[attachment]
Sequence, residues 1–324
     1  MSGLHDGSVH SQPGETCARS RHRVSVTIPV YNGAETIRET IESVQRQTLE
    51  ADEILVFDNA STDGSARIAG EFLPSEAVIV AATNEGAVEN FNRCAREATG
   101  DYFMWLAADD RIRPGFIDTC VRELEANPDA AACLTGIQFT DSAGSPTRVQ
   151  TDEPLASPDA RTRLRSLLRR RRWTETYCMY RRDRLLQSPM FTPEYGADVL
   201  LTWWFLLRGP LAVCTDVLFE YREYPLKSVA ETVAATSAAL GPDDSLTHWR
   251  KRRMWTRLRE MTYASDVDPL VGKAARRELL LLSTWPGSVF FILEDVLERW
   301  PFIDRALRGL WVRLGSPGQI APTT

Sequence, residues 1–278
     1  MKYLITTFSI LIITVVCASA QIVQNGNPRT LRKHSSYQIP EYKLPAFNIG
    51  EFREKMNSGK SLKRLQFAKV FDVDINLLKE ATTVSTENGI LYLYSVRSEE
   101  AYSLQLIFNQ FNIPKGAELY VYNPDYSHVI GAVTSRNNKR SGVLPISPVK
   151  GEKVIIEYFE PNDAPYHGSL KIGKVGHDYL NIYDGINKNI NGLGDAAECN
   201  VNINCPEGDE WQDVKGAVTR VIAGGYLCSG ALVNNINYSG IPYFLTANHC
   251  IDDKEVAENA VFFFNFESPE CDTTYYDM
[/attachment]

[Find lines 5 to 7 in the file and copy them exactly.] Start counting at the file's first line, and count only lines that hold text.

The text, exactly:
   151  TDEPLASPDA RTRLRSLLRR RRWTETYCMY RRDRLLQSPM FTPEYGADVL
   201  LTWWFLLRGP LAVCTDVLFE YREYPLKSVA ETVAATSAAL GPDDSLTHWR
   251  KRRMWTRLRE MTYASDVDPL VGKAARRELL LLSTWPGSVF FILEDVLERW